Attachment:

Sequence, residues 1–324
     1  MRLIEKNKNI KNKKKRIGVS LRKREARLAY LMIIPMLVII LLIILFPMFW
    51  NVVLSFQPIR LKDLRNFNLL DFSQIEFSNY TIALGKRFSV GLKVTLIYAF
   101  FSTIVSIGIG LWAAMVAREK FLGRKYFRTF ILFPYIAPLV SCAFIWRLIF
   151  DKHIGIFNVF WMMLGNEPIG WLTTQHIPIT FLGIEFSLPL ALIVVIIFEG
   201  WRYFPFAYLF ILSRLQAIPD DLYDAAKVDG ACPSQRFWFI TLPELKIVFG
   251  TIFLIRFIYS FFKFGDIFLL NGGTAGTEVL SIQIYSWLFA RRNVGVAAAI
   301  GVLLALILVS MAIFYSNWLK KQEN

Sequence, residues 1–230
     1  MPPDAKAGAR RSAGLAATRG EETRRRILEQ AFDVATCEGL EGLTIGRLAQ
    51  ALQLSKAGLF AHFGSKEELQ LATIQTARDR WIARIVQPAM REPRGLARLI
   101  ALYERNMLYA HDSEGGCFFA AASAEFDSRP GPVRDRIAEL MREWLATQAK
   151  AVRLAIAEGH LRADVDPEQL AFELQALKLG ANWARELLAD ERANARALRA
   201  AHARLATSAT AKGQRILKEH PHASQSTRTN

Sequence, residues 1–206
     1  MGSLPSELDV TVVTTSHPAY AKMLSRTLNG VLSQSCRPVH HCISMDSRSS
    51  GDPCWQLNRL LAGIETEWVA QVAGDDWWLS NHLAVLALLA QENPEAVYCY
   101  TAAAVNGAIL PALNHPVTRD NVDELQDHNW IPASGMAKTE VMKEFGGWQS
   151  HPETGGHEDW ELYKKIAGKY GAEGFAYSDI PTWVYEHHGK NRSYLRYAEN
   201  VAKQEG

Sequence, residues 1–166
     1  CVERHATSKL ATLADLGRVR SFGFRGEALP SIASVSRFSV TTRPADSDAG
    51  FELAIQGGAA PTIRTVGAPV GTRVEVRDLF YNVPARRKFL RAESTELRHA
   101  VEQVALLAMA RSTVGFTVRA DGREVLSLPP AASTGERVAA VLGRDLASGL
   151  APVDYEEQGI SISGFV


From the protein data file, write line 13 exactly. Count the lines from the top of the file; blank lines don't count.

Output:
   151  AVRLAIAEGH LRADVDPEQL AFELQALKLG ANWARELLAD ERANARALRA